Originally posted on Caterpillar Safety Service’s Safety Culture WORLD blog http://safetycultureworld.blogspot.com/and reposted here with Caterpillar’s permission.
A number of companies have made significant improvements to their safety cultures. Their progress is so dramatic, they often come to the realization that it is highly probable that their next fatality will come from a contractor they hire.
To safety leaders, this is not an acceptable risk.
These companies have two types of contractors -- ones that they use constantly as contract employees/services, and contractors who are building their large dollar capital requirements. The safety leaders believe that by focusing on the contractor safety culture and its improvement, they are able to hire and retain the best construction contractors, no matter where they work on our planet.
As a part of contractor selection, these leading edge companies perform two phases of screening. The first is based on the published injury rates. From the best quartile of these, they do live interviews of the upper management of the firms and ask open-ended questions about the managers’ beliefs on safety. They do not really talk to the safety pros because they want to determine the viability of the contractor’s visible upper management commitment to safety. They then go into the field and ask similar questions of front-line leadership who must walk the talk and be doing what upper management says. They try to find out “Do we want them?” and “Do they want us?”
Interviews of the management team are to see if “they get it.” The scenario-based questions include things like;
- If you had a work group that was not up to standards, what would you do?
- How do you evaluate subcontractors?
- If you felt you had a drug/alcohol problem, what would you do?
- Tell me about your safety training
- How do you determine and build competency?
- How do you discipline employees who exhibit “at risk” behaviors?
- How do you train around “at risk” behaviors?
The leading edge organizations provide training for the weak contractors who “get it” to build them up, and also for the ones who are strong, to ensure the contractors continually communicate excellent safety standards.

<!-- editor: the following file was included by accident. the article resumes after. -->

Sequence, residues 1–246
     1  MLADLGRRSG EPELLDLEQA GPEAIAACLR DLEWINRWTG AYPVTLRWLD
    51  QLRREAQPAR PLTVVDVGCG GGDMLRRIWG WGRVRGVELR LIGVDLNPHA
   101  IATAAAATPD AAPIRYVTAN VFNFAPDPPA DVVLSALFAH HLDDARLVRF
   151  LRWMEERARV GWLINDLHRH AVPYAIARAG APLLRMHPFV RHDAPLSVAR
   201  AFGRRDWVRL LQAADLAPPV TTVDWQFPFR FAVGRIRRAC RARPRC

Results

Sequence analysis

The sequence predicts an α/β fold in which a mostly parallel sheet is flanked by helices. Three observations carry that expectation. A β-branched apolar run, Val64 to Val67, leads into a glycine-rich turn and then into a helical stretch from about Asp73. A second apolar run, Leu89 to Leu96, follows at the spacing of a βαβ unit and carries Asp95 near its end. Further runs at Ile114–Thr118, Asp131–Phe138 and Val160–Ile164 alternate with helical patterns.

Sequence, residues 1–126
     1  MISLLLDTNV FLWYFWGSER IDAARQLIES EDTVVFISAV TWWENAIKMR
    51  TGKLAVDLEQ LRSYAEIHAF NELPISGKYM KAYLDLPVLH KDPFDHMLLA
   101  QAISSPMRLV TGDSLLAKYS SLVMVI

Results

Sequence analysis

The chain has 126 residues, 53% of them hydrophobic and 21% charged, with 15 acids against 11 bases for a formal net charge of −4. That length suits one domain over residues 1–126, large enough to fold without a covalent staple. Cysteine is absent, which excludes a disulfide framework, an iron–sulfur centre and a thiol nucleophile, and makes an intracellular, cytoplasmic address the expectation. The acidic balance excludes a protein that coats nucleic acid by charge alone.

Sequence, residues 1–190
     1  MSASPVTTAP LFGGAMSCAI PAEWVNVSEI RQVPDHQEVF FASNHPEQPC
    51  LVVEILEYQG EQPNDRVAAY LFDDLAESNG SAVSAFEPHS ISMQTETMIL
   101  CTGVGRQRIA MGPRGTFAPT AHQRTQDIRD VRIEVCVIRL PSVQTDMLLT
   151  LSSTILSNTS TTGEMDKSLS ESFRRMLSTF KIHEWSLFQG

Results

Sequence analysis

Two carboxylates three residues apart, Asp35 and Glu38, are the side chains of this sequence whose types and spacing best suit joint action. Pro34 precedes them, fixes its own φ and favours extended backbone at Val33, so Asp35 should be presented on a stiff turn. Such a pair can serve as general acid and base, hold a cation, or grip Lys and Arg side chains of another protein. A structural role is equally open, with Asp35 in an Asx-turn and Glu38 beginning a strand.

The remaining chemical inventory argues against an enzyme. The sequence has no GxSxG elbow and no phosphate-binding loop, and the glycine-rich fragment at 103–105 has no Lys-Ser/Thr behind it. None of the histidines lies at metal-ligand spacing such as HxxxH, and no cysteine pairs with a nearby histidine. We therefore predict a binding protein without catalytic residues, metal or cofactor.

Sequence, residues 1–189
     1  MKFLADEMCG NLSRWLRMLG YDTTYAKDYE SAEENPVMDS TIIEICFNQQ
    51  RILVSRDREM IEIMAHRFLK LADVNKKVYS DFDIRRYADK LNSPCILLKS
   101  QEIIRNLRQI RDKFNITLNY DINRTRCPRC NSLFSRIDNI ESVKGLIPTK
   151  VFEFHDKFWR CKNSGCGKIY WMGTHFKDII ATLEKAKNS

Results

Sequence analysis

The training for these contractors almost always includes their own company’s safety training program. One of the hiring company execs, not a safety pro, introduces the training which starts with a slide that reads something like “When you step onto our site, you are stepping into the safest environment in our industry. Here’s why we are different. Here’s what we expect of you. Here’s what we believe. We only want to work with the best who are ready to do this with us. If you agree to support this culture, then stay with us. If not, it is time to leave.”
The leading safety culture companies also review details of the interviews to discover the gaps, and then put together a program for the contractors to close those gaps.
The field work concentrates on contractor supervision, which has proven to be mission critical. They screen these front-line supervisors carefully.
Safety culture training at the workface is beyond the regs. Because of turnover, it is crucial to keep training excellence in safety culture. Supervisors must support this, mentor this and help employees do this. As a part of this approach, they typically have two safety culture training programs that address:
- Young employees with little experience at this company and who require mentoring
- Longer service employees who require deprogramming of a past shortcut mentality and bad safety attitudes (It is harder to instill new values in this group)
The same safety excellence companies do have an observation program for their onsite safety pros which checks to see that their philosophy is operating.
An interesting sidebar is that a cost-benefits analysis of this approach revealed that the initial cost for the best safety contractors and all this interviewing and training was higher than just hiring contractors for about the first three months. Then, time and motion studies showed that the lack of job shut downs for injuries made this group the most productive, cheapest contractors in industry.
Where do you stand with respect to achieving contractor safety culture excellence?